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Among the perks of frequent flying, an unfortunate last position can be easily claimed by the “missing the connecting flight” events. Especially with short connections and late departures for the first flight of the journey. Then you get to talk to the [most of the time] nice and professional people from the Service Desks (I’ve seen some not so nice, luckily I did not have to deal with them) where you can even get a laugh, since they are just the ones trying to help you, without being in control of what’s happening elsewhere. Which is what happened to me today.
As if the day was not fun enough in the beginning (I got an SMS that my flight has been canceled, to find out later – upon calling the Customer Service hotline of Austrian Airlines – that there’s no crew for that flight… For crying out loud, people, I can fly your planes, just let me try! :D) I got the unwanted bonus of a delayed departure of my re-routed journey. Of course, if everything went smooth I could have caught the connection… but then you wouldn’t be reading this post.
So, what could someone do for almost FIVE hours in an airport? Airports are known to be far and out of the cities, so by the time you get to the ciry you should be back at the airport. No lounge access either, for various reasons (like flying Economy + no frequent flyer benefits for that airline). Munich is a decent airport, but not necessarily spectacular… Wait a minute, a while ago I heard about iPILOT and that they do have a 737 sim in Munich… HOLY F**K!
The only downside is that the sim is located in the Arrivals area, so you have to go through the passport control (and then again when you get to the Departures area, plus one more Security check). To hell with it, we’re talking about a FLIGHT SIM where you’re accompanied by a REAL PILOT. Ok, not the uber professional sims used to train and test the pilots (one such sim is a few million bucks/EURs) but the flight deck is fully operational and the controls are… complete. Mkay, features – checked, muniez – hmmm, not much, but checked too. Aaaand aside from what you can find on the site, there’s an “on the spot” 10 minutes fly for 25 €. Not cheap, mind you – you can get 15 minutes of real flying in an ultra light plane in Romania, only you do NOT fly it – but the combination of 737 fully functional flight deck + fully realistic flying experience together with an airline licensed (or soon to be licensed) pilot is worth it.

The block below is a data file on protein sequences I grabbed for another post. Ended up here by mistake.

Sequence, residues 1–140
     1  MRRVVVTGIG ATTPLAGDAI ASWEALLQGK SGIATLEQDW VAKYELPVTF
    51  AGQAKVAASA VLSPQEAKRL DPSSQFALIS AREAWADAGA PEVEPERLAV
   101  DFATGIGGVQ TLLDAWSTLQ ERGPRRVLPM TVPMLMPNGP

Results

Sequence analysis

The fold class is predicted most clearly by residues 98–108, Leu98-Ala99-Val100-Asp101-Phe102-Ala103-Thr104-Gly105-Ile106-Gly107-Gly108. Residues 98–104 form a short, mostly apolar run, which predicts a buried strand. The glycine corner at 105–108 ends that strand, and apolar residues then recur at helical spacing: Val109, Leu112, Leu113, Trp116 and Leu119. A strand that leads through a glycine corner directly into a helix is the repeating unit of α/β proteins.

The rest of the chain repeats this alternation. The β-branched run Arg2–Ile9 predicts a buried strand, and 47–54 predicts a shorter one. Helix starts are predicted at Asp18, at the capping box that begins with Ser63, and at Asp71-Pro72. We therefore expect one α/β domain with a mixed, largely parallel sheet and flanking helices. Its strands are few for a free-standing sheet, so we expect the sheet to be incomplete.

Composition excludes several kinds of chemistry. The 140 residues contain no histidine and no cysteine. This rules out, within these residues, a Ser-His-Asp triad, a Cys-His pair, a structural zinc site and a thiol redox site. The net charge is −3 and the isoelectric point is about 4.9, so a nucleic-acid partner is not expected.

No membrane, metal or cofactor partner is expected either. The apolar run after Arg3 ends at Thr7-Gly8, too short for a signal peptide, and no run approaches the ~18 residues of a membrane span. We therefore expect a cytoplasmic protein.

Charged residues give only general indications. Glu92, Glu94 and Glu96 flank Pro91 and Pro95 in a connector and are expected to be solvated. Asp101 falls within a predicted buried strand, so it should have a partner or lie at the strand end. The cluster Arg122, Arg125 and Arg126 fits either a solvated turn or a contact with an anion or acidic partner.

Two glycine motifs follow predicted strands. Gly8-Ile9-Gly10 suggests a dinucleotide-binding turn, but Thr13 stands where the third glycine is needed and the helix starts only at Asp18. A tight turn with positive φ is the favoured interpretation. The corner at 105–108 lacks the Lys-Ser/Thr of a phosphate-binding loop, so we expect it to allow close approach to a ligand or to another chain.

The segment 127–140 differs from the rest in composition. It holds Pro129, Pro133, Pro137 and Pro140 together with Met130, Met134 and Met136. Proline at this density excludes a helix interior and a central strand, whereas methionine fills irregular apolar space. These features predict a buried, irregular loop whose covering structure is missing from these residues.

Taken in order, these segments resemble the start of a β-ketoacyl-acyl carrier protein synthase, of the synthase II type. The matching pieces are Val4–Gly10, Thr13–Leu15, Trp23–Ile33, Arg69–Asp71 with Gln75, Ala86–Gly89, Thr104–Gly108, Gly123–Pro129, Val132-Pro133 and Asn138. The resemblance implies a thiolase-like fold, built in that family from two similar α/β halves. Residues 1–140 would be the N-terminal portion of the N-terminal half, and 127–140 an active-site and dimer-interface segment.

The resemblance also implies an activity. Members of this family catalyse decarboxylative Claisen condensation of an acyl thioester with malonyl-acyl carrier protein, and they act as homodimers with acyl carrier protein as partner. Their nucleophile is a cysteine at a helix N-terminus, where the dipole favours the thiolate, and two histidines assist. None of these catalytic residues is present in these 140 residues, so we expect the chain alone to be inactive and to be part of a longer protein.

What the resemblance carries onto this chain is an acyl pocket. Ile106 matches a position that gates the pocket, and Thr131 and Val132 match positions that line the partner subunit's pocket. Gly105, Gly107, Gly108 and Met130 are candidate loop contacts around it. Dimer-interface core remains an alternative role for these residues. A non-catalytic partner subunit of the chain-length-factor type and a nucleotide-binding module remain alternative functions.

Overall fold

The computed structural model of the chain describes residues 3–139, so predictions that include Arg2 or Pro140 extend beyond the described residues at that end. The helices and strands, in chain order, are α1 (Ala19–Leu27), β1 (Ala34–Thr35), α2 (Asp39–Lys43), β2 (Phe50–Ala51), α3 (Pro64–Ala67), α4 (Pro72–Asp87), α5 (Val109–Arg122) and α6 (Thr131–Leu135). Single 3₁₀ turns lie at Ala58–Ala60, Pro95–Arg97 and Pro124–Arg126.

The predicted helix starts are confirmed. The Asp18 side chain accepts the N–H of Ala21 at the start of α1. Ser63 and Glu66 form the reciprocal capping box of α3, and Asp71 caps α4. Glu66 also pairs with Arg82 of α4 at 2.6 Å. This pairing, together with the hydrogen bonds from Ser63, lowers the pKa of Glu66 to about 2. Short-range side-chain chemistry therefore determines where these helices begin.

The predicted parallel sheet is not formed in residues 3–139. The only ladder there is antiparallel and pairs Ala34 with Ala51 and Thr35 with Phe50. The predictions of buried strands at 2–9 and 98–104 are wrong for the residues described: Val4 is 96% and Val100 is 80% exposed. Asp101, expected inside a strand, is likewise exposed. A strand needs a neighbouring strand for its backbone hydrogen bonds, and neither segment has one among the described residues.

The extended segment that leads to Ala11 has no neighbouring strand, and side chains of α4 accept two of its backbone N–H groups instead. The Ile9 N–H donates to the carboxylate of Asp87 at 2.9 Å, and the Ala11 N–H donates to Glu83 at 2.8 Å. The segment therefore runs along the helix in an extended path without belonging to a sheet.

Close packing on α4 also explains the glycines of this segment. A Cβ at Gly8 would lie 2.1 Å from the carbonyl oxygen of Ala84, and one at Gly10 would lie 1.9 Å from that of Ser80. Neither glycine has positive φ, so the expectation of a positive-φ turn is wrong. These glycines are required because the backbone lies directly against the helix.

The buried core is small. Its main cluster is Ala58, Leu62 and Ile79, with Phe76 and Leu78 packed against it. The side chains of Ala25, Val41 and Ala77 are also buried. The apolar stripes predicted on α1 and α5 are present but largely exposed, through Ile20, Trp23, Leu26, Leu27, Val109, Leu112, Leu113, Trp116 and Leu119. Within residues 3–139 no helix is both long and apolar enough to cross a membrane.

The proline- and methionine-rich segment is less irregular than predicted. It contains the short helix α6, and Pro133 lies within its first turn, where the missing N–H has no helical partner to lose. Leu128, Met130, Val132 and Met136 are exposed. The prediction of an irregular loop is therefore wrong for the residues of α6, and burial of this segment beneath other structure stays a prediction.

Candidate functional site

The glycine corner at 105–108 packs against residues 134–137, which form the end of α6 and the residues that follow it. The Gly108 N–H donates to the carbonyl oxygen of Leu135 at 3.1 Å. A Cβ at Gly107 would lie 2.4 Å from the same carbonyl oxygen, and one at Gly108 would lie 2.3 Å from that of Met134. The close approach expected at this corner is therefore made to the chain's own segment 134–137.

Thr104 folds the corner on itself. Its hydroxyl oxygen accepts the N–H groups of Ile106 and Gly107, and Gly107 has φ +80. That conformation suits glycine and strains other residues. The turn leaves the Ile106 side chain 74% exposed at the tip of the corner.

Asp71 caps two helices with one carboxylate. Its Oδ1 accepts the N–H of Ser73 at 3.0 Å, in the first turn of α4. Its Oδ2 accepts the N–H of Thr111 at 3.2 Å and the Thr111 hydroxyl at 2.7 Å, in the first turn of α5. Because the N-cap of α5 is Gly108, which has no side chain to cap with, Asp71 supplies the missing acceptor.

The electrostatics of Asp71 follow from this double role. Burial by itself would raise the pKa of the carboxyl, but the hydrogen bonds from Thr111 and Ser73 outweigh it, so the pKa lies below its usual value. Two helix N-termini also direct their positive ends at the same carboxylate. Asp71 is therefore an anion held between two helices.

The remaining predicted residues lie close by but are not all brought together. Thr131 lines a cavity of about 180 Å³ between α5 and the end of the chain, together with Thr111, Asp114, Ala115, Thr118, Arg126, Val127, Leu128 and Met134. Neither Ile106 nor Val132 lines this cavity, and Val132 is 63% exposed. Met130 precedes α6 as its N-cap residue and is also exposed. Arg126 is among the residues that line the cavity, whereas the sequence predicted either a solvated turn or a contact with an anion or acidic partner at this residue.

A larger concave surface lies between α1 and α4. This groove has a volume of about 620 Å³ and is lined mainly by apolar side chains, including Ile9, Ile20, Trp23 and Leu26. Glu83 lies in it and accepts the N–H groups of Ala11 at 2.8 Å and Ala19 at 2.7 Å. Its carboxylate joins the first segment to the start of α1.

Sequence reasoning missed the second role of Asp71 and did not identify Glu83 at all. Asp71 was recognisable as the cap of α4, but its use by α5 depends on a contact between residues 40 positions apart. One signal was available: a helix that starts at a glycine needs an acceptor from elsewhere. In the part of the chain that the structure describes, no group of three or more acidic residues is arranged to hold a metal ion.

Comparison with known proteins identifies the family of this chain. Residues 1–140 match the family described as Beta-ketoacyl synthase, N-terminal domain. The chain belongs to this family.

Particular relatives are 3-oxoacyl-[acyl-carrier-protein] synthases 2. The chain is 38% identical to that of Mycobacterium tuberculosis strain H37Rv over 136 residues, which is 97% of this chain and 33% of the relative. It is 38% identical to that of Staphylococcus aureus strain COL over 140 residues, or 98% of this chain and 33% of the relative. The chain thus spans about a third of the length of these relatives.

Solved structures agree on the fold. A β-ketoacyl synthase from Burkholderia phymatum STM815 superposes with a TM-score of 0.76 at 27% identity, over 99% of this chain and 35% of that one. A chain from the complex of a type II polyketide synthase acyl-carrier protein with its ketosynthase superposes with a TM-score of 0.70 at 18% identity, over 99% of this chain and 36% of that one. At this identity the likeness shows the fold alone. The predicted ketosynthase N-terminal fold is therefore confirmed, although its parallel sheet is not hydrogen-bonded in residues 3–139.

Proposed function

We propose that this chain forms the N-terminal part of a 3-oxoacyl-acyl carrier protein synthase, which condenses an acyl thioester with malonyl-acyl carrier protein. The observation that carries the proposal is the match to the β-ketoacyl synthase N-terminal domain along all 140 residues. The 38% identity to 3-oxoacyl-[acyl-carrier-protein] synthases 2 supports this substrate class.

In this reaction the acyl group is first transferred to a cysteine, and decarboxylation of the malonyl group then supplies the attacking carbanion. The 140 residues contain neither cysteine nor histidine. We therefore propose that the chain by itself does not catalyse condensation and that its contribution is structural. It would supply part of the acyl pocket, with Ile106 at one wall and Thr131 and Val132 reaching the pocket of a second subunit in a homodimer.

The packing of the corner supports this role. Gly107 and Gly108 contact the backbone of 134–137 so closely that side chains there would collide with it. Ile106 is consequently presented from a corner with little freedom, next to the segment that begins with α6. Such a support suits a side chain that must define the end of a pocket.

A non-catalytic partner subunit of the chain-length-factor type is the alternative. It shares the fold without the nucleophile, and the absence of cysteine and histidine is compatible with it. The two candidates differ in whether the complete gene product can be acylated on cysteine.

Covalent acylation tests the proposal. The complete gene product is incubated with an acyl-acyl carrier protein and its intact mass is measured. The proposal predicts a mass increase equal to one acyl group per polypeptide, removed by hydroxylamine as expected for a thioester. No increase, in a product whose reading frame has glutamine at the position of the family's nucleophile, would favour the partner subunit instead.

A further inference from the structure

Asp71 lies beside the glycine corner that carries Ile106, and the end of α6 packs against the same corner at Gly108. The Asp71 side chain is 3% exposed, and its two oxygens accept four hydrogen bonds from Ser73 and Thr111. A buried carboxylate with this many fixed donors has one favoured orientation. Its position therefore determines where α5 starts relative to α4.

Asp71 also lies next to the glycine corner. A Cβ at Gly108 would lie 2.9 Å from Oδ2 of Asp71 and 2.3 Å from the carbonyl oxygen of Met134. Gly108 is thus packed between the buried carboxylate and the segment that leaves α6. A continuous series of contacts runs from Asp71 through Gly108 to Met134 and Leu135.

Obviously they did not put me in the seat without a short debrief from my side about my piloting skills. I can’t brag a lot about it, but I have logged about 50-60 hours (overall) on Microsoft’s late Flight Simulator 2002 (rest in piece, it was an AWESOME sim!) and I’ve also done my share of self study about commercial aviation – procedures, maps, navigation, airport markings and so on. Flying model aircraft also helps a great deal since you MUST learn a lot about aircraft: aerodynamics, balance (center of mass / center of pressure), mechanics, geometry and so on. So, deciding that I’m not a total n00b, the ‘captain’ decides to seat me on board and explain that we’ll do two procedures: a departure and a landing. Please keep in mind that none of these is trivial, even if from the passenger’s seat it’s just taxiing to the runway, aligning on its center axis then throttle up and GO. The same goes for the landing, even if – for the less crowded airports where you do not wait for 20-30 min in the hold pattern – you descend smoothly and, maybe after a few turns, you feel the wheels touch the tarmac. Or slam into it, as some pilot on KLM did a while ago… (That was a bit scary even for me!)